My first of three weeks in Texas (with Karen’s family) was largely devoted to researching generosity in large cities (online and in texts), and some of the next two will be as well. That is, when we’re not swimming, eating fried catfish, napping, or looking for deer bones in the woods behind Memaw and Granddaddy’s house.
A fellow parent at my children’s school was telling me about her landlord, an older Italian woman, when she lived in Boston’s North End about twenty years ago.
“So she invited me in for lemonade one day and we had a nice chat. And then she said, ‘You know, I realize you’re just getting started in your career, and so I’m sorry about this but I’m afraid I’m going to have to raise the rent.’ So I thought for a minute and remembered the elderly couple below me and my roommate. They were on a fixed income and this would be really tough on them. I asked my landlord about this. ‘Yes,’ she said, ‘I’ve been worried about them, but I don’t know what else I can do.’ This man who lived below me was a fixture in our community; everyone knew him. He would even save my parking place by sitting in a chair out front, and nobody ever bothered him. He’d been very kind, you know? So I said to my landlord, ‘Why don’t you just add the difference in their rent to our new rent. We can cover it. We’ll just drink less beer.’”
Generosity is giving that which is most valuable. This holds true no matter what one’s worldview is. If giving away that value doesn’t affect the way we live, then it is not generosity. Yet through true generosity, authentic life change is possible, both in the giver and in the recipient.
In the Christian tradition, God establishes the pattern of human generosity with the consecration of the firstborn male among the Israelites (Cf. Blomberg, Neither Poverty nor Riches). God says to Moses in Exodus 13:1, “Consecrate to me every firstborn male. The first of every womb among the Israelites belongs to me, whether man or animal.” Any mother or father knows that one’s firstborn child not only changes the parents’ lives but also places a unique identity and expectation on that child. Having been adopted as an infant, I recall the birth of my first son indelibly. It was the moment I first met a blood relative and the time when I had a legacy growing before my eyes. When we are asked to give this child to the Lord for whatever purpose the Lord deems appropriate – whether to serve as a missionary to the Auca Indians in Ecuador in the 1950s, or to lead a civil rights movement in the 1960s in America, or to bring him to a mountain in Moriah only to return alone as Abraham was commanded – is a daunting challenge. We also see the unwise consecration of firstborn children in the cases of Jephthah the Gileadite in Judges 11 and the king of Moab in 2 Kings 3. In each case, one a believer and one a foe of Israel, the man used his firstborn as a bargaining chip to ask God for military victory. In Exodus 13, God asks us to give over to him what is first and most valuable to be used for his purpose, not for our own purposes.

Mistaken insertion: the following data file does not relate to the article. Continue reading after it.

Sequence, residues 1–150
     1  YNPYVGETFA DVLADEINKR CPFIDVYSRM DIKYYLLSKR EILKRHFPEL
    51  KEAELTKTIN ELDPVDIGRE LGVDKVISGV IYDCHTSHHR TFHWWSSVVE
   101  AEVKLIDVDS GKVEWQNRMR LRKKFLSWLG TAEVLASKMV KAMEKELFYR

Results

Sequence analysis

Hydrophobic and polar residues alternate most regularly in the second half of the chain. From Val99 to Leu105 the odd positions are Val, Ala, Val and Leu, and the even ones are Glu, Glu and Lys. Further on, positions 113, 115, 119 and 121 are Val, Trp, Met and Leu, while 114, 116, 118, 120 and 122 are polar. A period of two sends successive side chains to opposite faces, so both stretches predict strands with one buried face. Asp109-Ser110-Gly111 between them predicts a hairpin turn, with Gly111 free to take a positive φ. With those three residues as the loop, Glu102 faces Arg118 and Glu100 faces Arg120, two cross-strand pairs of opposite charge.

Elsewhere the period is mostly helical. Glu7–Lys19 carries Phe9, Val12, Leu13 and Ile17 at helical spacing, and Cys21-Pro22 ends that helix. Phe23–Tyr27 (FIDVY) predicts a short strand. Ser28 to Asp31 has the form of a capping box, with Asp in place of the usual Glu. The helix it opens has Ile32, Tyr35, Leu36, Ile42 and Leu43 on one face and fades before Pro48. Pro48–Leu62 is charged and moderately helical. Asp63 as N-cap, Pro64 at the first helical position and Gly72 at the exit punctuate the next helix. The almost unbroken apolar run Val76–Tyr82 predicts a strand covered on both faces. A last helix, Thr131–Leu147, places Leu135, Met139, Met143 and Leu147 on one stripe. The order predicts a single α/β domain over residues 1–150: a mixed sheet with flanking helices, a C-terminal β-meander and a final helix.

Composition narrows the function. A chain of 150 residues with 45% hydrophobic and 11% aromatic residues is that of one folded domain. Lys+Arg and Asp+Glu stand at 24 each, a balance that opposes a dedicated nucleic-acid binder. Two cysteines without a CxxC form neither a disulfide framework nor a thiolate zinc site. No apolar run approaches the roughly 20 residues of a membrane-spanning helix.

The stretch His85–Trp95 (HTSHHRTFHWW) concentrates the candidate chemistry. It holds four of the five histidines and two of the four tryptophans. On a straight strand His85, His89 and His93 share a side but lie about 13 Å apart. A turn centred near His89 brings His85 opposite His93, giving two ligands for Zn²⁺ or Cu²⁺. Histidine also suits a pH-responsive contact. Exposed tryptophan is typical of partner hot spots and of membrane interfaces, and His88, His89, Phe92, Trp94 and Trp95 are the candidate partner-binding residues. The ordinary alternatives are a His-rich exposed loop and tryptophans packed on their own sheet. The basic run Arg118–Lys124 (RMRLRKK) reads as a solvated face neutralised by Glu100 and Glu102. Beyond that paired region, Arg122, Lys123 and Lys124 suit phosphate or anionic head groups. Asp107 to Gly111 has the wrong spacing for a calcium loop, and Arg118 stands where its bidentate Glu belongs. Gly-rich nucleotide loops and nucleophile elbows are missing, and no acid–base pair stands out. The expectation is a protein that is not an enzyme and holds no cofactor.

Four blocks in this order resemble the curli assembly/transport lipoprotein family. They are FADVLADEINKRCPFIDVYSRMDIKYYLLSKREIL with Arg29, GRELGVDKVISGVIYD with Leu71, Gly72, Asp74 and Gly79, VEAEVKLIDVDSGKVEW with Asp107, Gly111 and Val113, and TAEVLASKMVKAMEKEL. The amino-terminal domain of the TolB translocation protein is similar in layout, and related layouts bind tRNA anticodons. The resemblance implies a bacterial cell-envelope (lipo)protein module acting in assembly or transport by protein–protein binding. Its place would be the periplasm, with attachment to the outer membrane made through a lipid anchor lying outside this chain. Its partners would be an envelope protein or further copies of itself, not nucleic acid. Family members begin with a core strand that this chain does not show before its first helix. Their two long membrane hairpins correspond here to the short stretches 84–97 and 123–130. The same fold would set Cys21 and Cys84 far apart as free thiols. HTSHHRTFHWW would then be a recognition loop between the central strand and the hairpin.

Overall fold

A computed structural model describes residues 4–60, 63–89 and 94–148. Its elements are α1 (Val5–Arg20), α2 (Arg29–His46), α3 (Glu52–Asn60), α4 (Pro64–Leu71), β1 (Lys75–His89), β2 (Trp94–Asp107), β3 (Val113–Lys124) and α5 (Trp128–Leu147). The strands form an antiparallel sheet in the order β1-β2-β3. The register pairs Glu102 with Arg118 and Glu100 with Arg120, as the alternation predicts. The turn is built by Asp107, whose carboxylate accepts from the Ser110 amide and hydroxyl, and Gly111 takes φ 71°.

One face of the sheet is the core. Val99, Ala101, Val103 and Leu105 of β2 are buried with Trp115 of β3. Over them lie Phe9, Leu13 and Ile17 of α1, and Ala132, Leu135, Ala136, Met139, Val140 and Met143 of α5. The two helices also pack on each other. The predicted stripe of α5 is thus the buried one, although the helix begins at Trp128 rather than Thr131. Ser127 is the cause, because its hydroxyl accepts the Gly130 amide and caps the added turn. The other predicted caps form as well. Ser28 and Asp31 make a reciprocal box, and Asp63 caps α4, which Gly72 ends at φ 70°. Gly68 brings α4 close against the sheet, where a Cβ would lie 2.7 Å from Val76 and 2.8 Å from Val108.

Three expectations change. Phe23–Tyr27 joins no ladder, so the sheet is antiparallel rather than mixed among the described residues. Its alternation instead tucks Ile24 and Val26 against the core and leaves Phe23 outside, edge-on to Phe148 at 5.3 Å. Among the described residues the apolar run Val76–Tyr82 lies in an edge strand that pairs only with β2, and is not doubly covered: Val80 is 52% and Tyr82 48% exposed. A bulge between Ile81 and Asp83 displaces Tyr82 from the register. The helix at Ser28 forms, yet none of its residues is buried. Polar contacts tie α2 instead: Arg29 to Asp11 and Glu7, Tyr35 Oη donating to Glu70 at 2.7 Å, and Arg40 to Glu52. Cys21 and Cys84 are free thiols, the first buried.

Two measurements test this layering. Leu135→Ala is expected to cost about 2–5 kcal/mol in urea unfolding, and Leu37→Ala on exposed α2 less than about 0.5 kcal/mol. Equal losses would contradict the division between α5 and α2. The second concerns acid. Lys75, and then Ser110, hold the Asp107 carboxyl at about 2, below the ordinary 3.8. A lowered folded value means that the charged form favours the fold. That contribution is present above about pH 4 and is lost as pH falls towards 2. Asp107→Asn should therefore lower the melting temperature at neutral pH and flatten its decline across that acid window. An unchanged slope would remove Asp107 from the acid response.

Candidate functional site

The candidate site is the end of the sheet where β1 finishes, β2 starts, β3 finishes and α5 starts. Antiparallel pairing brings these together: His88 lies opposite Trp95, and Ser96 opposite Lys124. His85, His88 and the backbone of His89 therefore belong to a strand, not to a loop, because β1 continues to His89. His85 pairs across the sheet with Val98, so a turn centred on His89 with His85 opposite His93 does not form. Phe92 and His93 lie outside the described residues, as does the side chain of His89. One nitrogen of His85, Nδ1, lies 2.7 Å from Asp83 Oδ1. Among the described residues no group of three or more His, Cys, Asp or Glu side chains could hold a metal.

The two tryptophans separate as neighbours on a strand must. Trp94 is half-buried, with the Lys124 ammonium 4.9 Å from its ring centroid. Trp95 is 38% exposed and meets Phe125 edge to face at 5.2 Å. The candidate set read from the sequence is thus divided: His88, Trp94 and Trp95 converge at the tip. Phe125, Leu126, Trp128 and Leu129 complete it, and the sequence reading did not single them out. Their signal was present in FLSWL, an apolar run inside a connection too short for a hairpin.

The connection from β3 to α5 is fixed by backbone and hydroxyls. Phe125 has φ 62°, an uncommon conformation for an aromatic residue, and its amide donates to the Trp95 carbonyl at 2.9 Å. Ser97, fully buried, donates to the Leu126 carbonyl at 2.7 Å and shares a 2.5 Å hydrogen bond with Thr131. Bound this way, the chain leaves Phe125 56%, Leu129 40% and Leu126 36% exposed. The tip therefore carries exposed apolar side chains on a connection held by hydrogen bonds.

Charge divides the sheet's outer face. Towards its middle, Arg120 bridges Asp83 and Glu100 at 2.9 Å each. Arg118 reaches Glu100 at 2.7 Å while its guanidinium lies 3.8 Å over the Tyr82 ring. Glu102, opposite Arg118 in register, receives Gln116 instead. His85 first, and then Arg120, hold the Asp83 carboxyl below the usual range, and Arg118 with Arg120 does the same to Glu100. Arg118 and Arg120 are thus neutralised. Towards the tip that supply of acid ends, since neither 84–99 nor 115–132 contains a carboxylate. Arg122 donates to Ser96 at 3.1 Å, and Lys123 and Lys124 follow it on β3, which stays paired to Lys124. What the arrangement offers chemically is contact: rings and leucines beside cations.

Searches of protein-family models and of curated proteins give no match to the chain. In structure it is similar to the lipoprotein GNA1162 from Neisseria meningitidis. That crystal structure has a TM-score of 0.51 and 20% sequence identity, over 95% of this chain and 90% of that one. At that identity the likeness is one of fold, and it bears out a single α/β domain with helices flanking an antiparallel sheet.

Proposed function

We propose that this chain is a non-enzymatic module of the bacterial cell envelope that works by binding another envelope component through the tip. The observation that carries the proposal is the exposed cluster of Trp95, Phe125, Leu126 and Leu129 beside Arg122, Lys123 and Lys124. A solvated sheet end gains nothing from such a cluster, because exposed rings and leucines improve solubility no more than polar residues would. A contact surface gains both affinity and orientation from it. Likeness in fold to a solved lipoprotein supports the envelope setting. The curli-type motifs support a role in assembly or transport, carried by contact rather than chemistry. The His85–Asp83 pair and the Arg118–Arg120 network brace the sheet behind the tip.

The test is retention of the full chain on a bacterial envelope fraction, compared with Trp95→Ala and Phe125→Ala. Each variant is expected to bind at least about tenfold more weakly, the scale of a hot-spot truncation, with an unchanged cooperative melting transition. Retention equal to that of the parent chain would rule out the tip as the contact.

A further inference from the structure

This exhortation – God’s requirement of consecrating the firstborn – and the examples of submission to or proper use of it (see Hannah and her son Samuel in 1 Samuel 1-2) point back to a Father who consecrated and gave his one and only Son to pay for our sins. God was not unwilling to do what he did not require us to do. To be certain, when we give what is most valuable – whether our own freedom or life, or that of our child – the result might be painful. But God – Father, Son, and Holy Spirit – knew full well what would be the result and did it nonetheless. For our sakes.
The impact on our side of the equation – that of the recipient – is of a restored relationship with God for those who would accept it and a promise of eternal life with him. It is also a world that is being renewed through God’s Spirit.
But who can imagine the impact of this act of generosity on the side of the Triune God? Who can begin to comprehend not only the loss of intimacy that Jesus Christ experienced when the Father brought his wrath upon him on the cross but also the grief of the Father and Holy Spirit at the death of the Son and his burial for three days? The Trinity had perfect communion for all time preceding that moment at Golgotha. Then God experienced such unimaginable pain and suffering – the breaking of his body and pouring out of his blood; the disintegration of God’s wholeness on the cross – that all we can do is to praise him for all eternity.
The beginning of this praise takes place here, on earth, in the daily act of generosity toward God and our neighbor.